There ain’t much ailing the Alvin Ailey American Dance Theater these days. In fact, the venerable troupe, directed by former lead dancer Judith Jamison since the founder’s death in 1989, is looking better than ever. The opening program of a week-long residency at Cal Performances’ Zellerbach Hall in Berkeley mixed in some new work with company standards to show off the technical virtuosity of these remarkable dancers.
A revival of “Night Creature,” an excerpt from the 1974 “Ailey Celebrates Ellington,” looked freshly minted – sexy, jazzy and more Broadway than ballet, especially in the opening section. In the words of the Duke, himself: “Night creatures, unlike stars, do not come OUT at night – they come ON, each thinking that before the night is out he or she will be the star.” And each one of these very cool cats, led by Dwana Adisha Smallwood and Vernard J. Gilmore, could be a star. In the glitzy beginning, the stage fairly oozes with attitude. The second section is more balletic, beginning with a group dance characterized by sinuous moves that make it look as though these people don’t have a bone in their bodies. The finale is something more primal; a frenetic dance of diagonal arms and legs and jutting hips, ending in a minor key.
A hard act to follow? Don’t even think about it. Hans van Manen’s “Solo,” commissioned by the Ailey troupe in 1997, is an athletic, often hilarious, study in machismo or upmanship or “Anything you can do, I can do better.” With a lift of an eyebrow or a shrug of a shoulder, a dancer will dismiss another’s work or put down his own and it’s pretty funny as well as exciting to watch. Set to an intricate Bach violin piece, “Solo” pits three men (Clifton Brown, Glenn Allen Sims and Matthew Rushing) against each other, first in solo and then in groupings. Van Manen, who is the artistic director of the prestigious Nederlands Dans Theater, precisely translates the music into motion, much as American choreographer Mark Morris does. His choreography in this piece is quirky and demanding, with pyrotechnical displays of leaps and gyrations. As the music picks up speed, so do the dancers until it ends with them all whirling in unison. And all friends again, after all. The only winner is the audience.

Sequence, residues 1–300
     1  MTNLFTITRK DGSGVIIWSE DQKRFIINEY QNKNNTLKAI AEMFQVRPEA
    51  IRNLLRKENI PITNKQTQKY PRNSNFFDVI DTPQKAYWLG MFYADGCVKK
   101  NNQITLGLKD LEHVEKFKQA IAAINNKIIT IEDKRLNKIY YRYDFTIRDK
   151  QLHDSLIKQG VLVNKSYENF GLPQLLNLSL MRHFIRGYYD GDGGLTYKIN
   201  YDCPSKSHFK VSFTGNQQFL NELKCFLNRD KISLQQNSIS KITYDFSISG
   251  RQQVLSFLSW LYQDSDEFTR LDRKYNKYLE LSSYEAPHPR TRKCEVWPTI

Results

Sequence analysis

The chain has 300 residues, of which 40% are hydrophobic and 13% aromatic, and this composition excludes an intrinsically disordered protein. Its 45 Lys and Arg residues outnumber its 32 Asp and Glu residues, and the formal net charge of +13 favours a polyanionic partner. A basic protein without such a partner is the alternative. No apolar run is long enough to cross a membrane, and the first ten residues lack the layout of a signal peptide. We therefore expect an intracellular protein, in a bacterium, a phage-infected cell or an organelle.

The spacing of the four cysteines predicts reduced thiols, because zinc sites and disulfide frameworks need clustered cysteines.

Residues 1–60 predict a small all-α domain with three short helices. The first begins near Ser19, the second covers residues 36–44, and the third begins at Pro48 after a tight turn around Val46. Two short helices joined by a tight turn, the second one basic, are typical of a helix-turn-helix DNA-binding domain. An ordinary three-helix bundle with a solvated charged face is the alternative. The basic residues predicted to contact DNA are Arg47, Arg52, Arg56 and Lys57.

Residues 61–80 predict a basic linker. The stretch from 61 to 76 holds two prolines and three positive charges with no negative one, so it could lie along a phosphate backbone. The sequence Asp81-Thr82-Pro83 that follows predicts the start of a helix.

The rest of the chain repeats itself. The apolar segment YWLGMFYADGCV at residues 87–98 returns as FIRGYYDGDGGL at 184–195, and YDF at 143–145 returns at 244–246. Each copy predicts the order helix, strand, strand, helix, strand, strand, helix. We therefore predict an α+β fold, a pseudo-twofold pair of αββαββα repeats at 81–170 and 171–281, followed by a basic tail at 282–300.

Ronald K. Brown’s “Ife/My Heart” is an even newer work, created on the Ailey company just last year and having its West Coast premiere at these performances. The title, taken from the Yoruba language, means “my heart, the way God loves me” and has a loose program of seeking and finding spiritual redemption. It may begin with a group prayer and a feeling of fearful questioning but it soon moves into sheer exuberance, with white clad dancers strutting their stuff against a red background. The feeling and the look is rather like Ailey’s “Revelations” and it is possible that we are watching an homage. Drums, a powerhouse poem by Nikki Giovanni and various African rhythms and melodies bring the dancers through push-and-pull confrontations, disjointed movement contrasted with stillness, into a ritual frenzy set to Ursula Rucker’s story-song “Release.” It was mesmerizing.
More old-time religion to close the night: “Revelations,” what else? Ailey’s 1960 masterpiece has become the signature of this troupe, so much so that it ranks right up there with “Swan Lake” in a dance reviewer’s “most often seen hits” list. This time around it may have new lighting and redesigned costumes but it isn’t all that different from when Jamison herself went “Wadin’ in the Water,” that white parasol held high in her hand. It is a wonderful piece, an obvious crowd-pleaser and suffers from only one flaw – overexposure. With so much fine work in the repertoire, perhaps they could give it a rest for a while.